Hemant Mehta’s recently posted a repulsive video by a Saudi family therapist advising men on how to beat their wives. His article reminded me of piece I came upon last week highlighting the literally dozens of Hollywood films spanning the middle decades of the last century that featured a man, usually a husband or boyfriend, taking a woman over his knee and spanking her. Yes, really.
In the 1963 movie Mclintock!, when a young man is upset by the actions of a young woman he barely knows, he grabs her and puts her across his knee, forgetting that her father, John Wayne, is standing right behind him. As the young man reaches back for a wallop, Wayne stays his hand—and puts a small shovel in it. In a moment, Wayne’s daughter is being spanked, yelps and the clangs of the shovel are resounding through the house, and Wayne is smiling and lighting a cigar, happy to share his parental duties.
Days later, the young man and woman are engaged. “I guess this is the only engagement that ever started off with a spanking,” Wayne says when he finds out. But in the film world, it was quite the opposite. Spankings stirred romance all the time. A couple meets; she wrongs the man somehow, and he puts her over his knee. It takes them a while to admit it, but soon they’re in love.
Below is a compilation of some of these moments. Some viewer discretion is recommended, given the content of the clips. The scenes portrayed are not ones in which the woman is consenting, or a partner in some kind of vote. In many of the clips the woman cries out, screams, and begs her assaulter to stop—and all the while the audience is expected to laugh, as though it’s funny.
Onscreen Spankings: A Look at How Films Punished Liberated WomenFrom the early days of cinema up through the 1960s, a spanking was just a routine part of many onscreen romances. With the camera rolling or not, Hollywood studios reinforced the idea that spankings were a healthy part of a woman’s life.
Read about Hollywood’s once prevalent trope of spanking women and watch the entire video here: http://trib.al/LnPXjZk
Posted by Jezebel on Monday, April 18, 2016
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It’s easy to forget how far we’ve come, or that there was a time in living memory when spanking women was considered appropriate and even entertaining. In some of the clips in the compilation above, female child actors looked on as a woman was publicly spanked. What did these girls, and the girls watching in the audience, learn from what they saw? What did these scenes communicate about the relative power between men and women, and about women’s place in the world?
Before entering college, my view of feminism was profoundly negative. I had been raised in a conservative evangelical home and believed that woman’s role in the world was that of homemaker and child nurturer. I believed women were called by God to submit to their husbands. I believed feminism was an attempt to overturn the gender order established by God, and I saw feminists as angry, selfish, unsatisfied man-haters. And then I took a history class that covered second-wave feminism, and read about what life had been like for women before the feminist-driven reforms of the 1960s and 1970s. I was horrified.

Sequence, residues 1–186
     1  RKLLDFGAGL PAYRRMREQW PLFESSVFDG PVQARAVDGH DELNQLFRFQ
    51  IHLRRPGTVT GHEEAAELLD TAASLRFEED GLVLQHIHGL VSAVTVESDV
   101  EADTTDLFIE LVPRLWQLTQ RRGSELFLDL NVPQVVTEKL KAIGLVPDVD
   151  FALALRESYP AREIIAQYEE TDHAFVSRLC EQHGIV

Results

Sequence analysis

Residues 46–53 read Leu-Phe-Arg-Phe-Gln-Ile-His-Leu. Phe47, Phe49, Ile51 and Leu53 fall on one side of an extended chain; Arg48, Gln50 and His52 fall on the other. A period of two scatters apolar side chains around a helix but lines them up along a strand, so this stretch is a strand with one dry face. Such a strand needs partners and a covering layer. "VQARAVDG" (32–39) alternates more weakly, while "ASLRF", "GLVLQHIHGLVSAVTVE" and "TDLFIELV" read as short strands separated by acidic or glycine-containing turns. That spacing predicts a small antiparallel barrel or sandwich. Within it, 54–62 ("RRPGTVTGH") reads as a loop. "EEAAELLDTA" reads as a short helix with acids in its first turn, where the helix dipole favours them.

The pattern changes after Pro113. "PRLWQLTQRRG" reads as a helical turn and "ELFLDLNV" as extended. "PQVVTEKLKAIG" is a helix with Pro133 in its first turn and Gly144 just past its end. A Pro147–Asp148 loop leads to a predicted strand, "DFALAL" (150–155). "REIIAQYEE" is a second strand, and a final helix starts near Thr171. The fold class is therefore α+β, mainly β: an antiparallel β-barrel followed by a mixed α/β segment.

Did you know that women were not granted equal access to Harvard’s Widener Library until 1967? I hadn’t. It was deemed that women’s presence would be “distracting” to the male students studying there. I was horrified. The more I learned about the extreme discrimination against women in employment before and during second-wave feminism, among other things, the more incensed I became. It was one thing, I felt, for a woman to choose to be a homemaker, and another thing entirely for her to be forced to be a homemaker. Even before my own personal beliefs on women’s role in the world began to expand, I came to understand why second-wave feminism happened, and to be glad I was growing up now, and not then.
I felt this same horror again when watching the above compilation of spanking scenes. I have become an ardent supporter of equality within marriage, and have long rejected even voluntary female submission, but even so, I can feel the horror I would have felt as a young college student. After all, it’s one thing for a woman to voluntarily submit to her husband, free from any coercion but her religious beliefs, and quite another thing entirely for a woman to live in a world where domestic violence is viewed as an acceptable and even preferable punishment for female disobedience. When I endorsed female submission within marriage as commanded by God, I was signing up for the former, and not the latter.
And finally, when I saw the female child actors present and observing the spankings in the clips, I thought of my own young daughter. I worry about the sexist messaging she receives in our society today, but the idea that it is right and appropriate for men to assault disobedient women, at least, is one message she will not receive—and for that I am more than a little bit grateful.